Author, Book review, Deirdre Madden, Faber and Faber, Fiction, Ireland, literary fiction, Publisher, Setting

‘Molly Fox’s Birthday’ by Deirdre Madden


Fiction – paperback; Faber and Faber; 221 pages; 2009.

Deirdre Madden‘s Molly Fox’s Birthday has recently been shortlisted for the Orange Prize for Fiction 2009.

I had mistakenly thought it was a story about a little girl’s birthday, but the title is deceptive: the Molly Fox named here is a thirty-something woman who never celebrates her birthday and what’s more we never get to meet her. Instead we come to learn of her complex personality through the eyes of her long-time friend, who narrates the story in a cool, understated manner.

This is one of those mellow, beguiling reads that sneaks up on you, worms its way into your conscience and bathes you in a kind of gentle light. I found it almost impossible to put down and read it at every opportunity: on the tube, in my lunch hour, at home curled up in bed. And when I got closer to the final pages I tried to draw it out because I simply didn’t want it to end.

And yet, if I am to explain what Molly Fox’s Birthday is about, I find it difficult to describe. There is no straightforward narrative. It’s written from the point of view of one woman, a successful playwright, recalling her relationship with Molly Fox, an actor regarded as “one of the finest of her generation” — how they met, worked together and became firm friends — and it effortlessly switches from the present to the past and back again, often within a matter of pages, in tune with the narrator’s memories.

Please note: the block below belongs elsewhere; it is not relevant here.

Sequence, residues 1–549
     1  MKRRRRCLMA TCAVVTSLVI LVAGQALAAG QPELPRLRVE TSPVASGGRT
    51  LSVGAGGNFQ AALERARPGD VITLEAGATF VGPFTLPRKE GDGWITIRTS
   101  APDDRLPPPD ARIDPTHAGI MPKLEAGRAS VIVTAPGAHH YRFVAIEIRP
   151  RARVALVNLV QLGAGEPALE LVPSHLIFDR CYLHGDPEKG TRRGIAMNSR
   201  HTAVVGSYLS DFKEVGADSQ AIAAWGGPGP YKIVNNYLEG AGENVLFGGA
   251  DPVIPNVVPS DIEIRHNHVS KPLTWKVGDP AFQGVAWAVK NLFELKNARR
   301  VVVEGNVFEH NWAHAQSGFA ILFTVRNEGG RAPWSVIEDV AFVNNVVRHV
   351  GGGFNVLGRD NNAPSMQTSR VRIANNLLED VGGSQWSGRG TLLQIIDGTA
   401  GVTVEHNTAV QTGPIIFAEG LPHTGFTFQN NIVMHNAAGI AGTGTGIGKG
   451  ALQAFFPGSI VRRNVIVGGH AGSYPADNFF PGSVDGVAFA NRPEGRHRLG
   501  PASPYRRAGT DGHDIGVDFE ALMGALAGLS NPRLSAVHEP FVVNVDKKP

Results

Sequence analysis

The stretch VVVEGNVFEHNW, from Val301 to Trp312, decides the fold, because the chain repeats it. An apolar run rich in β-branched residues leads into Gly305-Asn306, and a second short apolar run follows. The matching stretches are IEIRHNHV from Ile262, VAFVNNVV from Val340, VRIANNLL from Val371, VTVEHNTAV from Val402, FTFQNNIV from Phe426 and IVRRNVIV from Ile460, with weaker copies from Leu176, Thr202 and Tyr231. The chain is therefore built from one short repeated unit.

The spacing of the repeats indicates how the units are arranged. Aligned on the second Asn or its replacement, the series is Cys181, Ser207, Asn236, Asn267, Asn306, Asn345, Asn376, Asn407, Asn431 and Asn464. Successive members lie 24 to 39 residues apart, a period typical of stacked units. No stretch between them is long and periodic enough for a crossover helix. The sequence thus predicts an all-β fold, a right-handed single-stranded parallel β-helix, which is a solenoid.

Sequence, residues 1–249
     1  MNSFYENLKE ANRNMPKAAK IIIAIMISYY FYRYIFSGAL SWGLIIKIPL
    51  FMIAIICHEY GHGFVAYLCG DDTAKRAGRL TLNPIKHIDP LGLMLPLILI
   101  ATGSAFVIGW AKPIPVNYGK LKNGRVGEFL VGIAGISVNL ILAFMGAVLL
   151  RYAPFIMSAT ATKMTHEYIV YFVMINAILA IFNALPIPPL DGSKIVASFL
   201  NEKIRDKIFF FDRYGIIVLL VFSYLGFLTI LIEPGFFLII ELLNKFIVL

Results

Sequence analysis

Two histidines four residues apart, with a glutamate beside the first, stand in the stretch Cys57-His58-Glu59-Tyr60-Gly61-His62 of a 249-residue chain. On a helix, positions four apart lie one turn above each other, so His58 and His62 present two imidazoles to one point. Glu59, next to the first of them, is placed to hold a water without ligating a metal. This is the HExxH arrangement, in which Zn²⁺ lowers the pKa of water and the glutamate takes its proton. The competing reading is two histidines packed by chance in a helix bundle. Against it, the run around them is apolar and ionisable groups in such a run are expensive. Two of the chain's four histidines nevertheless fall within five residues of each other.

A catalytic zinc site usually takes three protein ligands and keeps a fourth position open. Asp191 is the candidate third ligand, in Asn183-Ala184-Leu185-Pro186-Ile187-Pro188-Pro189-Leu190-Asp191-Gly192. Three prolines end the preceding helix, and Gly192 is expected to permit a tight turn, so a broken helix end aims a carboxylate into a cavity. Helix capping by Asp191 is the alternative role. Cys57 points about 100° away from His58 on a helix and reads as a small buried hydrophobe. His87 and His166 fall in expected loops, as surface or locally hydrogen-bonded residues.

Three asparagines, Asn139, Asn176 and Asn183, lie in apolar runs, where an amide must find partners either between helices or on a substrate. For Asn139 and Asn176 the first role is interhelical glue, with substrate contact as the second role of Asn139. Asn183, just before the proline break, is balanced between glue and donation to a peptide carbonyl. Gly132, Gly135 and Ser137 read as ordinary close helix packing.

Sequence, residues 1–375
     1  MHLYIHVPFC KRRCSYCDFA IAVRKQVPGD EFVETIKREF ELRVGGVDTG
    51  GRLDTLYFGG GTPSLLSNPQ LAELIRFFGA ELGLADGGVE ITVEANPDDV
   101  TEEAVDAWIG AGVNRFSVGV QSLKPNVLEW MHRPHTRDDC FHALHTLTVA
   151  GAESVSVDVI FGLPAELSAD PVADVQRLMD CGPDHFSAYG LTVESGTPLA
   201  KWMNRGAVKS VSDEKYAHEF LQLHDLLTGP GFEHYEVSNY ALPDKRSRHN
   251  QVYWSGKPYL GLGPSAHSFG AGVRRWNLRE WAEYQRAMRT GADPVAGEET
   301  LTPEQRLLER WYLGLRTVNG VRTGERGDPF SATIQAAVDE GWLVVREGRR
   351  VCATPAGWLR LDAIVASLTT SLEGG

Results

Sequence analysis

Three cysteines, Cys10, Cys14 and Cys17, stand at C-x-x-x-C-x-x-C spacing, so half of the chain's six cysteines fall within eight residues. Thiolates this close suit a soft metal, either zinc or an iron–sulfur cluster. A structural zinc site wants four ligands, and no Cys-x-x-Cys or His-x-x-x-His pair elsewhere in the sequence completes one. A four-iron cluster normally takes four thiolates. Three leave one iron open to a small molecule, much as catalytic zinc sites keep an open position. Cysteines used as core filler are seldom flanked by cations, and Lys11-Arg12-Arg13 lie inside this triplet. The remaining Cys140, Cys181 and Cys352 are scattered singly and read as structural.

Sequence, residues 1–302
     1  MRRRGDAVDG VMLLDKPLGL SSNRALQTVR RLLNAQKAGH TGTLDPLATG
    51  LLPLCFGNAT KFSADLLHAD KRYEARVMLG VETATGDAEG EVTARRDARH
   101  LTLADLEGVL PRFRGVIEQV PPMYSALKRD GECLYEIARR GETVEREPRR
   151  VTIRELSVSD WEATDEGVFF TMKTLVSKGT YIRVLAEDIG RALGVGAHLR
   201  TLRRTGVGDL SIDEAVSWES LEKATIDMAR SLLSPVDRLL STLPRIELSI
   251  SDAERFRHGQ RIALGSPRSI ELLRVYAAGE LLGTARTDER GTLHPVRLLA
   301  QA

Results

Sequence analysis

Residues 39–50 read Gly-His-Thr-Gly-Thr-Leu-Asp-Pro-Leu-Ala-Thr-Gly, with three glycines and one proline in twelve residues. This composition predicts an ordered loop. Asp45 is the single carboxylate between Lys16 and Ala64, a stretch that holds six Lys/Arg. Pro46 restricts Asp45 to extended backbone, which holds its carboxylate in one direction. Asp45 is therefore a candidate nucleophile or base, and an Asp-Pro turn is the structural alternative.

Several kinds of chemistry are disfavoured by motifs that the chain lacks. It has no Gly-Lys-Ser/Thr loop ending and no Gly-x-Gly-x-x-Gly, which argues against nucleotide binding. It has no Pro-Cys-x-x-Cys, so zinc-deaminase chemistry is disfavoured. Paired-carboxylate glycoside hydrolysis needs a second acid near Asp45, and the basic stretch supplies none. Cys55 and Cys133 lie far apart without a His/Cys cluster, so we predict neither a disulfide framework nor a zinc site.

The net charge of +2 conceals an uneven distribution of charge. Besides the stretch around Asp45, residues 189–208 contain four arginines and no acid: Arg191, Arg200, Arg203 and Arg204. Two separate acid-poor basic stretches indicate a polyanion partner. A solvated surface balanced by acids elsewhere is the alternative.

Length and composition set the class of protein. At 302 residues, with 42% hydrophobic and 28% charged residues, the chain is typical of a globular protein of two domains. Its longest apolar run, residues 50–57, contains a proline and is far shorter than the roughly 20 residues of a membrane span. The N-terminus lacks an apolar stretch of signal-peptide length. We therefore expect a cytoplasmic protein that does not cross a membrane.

The narrator also thinks about her friendship with Belfast-born Andrew, a now-famous art historian, whom she met at university, and her older brother, Tom, a Catholic priest.

And all this is done over the course of a couple of days while she stays in Molly’s house in Dublin — a small redbrick Victorian house with  “immense charm” — while Molly is away performing in New York. When she remembers that it is Molly’s birthday she contemplates much about her dear friend, including why she never celebrates her birthday and why she is so protective of her younger brother, an alcoholic prone to depression.

This is a book about friendship: how tough it can be to accept flaws and foibles; how our relationships can be plagued by petty jealousies and secrets; and how important it is to our lives.

But Molly Fox’s Birthday is also a book about acting: how we play certain roles at certain times of our lives and show different facets of our personality to different people.

It’s also about learning to accept the past to move into the future. It’s a wonderful, atmospheric book and it will be interesting to see whether it wins the Orange Prize when it is announced early next month.

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